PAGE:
Powerhouse Energy Campus, 430 N College Avenue Fort Collins, CO 80524




About John

Dr. John Volckens is a professor of Mechanical Engineering and the Director of the Center for Energy Development and Health at Colorado State University (CSU). He holds affiliate appointments in Environmental Health, Biomedical Engineering, the Colorado School of Public Health, and the CSU Energy Institute. His research interests involve air quality, low-cost sensors, aerosol technology, and air pollution-related disease.

He holds a BS in Civil Engineering from the University of Vermont and MS, PhD degrees in Environmental Engineering from the University of North Carolina at Chapel Hill. He then went on to a Postdoctoral position at the U.S. EPA’s National Exposure Research Laboratory in Research Triangle Park, NC. At CSU, he pioneered the development of several new sensor technologies – resulting in three recent patents. His air sampling technology has been deployed aboard the International Space Station and is currently being used to assess human exposure to air pollution in the largest human/environmental health study in the history of mankind (PURE-AIR). Dr. Volckens is the recipient of the ‘Best Paper’ award from the American Industrial Hygiene Association (1999, 2017) and the Journal of Indoor Air (2013). He has published over 80 manuscripts related to exposure science, aerosol technology, and air pollution-related disease and has been the principal investigator for over $10M in funded research from the US EPA, NIH, CDC, and NASA since 2007.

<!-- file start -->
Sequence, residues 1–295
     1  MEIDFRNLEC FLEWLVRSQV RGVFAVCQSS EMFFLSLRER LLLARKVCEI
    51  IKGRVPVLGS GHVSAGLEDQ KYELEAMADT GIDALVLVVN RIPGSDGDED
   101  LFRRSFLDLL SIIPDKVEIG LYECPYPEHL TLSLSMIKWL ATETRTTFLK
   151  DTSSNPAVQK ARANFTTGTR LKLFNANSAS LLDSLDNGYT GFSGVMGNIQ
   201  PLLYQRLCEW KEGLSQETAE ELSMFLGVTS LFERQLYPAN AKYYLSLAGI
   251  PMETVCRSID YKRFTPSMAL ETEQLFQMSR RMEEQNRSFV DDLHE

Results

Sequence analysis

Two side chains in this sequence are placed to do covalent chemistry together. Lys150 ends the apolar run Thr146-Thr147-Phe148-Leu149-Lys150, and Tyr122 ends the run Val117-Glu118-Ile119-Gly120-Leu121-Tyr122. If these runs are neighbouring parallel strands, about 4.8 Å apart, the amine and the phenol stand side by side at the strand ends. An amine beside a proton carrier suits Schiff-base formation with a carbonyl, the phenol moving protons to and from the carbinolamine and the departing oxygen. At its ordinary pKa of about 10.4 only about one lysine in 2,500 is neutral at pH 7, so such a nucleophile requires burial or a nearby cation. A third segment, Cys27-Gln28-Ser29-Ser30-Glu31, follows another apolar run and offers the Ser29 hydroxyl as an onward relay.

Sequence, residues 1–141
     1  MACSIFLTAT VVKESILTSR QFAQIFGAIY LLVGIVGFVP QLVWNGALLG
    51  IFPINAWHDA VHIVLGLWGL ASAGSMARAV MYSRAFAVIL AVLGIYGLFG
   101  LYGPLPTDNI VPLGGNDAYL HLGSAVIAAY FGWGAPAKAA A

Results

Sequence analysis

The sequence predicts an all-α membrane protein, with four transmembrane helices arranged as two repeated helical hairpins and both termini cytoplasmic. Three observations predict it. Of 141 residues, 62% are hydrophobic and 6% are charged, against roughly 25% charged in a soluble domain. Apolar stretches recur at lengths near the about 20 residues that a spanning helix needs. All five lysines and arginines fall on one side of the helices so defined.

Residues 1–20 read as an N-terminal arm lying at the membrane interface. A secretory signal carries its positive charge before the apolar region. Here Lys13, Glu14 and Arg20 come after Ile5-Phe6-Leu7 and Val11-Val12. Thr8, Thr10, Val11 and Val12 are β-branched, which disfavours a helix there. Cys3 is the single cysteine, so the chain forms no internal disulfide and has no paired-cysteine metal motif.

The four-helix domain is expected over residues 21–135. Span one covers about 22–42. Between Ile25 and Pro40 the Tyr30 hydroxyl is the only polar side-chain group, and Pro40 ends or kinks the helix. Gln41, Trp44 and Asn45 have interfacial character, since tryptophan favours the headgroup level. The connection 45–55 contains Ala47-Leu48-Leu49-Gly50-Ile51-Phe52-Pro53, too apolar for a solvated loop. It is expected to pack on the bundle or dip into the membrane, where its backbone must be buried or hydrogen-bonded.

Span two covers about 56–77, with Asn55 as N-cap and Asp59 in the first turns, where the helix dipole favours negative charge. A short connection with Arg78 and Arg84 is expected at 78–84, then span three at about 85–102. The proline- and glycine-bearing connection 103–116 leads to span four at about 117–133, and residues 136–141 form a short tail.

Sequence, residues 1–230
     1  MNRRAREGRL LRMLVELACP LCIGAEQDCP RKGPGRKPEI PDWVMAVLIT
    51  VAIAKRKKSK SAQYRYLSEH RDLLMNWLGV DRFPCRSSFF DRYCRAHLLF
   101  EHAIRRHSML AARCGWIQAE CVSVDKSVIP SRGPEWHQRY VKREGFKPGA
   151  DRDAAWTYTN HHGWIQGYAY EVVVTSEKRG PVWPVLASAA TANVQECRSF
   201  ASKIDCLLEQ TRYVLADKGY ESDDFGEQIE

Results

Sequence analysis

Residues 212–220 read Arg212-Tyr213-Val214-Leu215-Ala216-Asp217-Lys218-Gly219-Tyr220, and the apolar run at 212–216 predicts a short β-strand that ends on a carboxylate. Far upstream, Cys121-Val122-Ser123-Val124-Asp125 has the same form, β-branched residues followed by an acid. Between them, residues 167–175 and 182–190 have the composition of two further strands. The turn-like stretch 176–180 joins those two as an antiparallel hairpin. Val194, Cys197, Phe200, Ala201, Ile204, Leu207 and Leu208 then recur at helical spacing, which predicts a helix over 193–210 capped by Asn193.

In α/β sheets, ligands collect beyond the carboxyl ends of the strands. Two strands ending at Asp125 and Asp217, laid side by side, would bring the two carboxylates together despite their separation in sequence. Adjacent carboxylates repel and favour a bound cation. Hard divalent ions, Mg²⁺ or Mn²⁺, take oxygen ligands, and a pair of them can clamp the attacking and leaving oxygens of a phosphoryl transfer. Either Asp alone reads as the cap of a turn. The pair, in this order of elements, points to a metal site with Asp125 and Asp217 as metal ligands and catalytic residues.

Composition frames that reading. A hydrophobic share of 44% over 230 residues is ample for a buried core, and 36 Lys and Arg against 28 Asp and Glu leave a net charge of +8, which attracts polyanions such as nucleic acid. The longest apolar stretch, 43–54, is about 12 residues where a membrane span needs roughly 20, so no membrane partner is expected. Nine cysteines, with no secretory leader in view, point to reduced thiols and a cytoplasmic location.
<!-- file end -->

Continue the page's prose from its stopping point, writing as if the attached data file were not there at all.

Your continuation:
He is a co-founder of Access Sensor Technologies ($3M in revenue since 2014), a spinout company started through his research collaborations at Colorado State University. He is a founding member of the CSU Partnership for Air Quality, Climate, and Health – an organization that seeks to develop practical, science-vetted solutions to intertwined problems of air quality, climate, and health that we face as a society.


aerosol and particulate science, environmental health, environmental impacts of energy systems, citizen science, low-cost environmental monitoring technology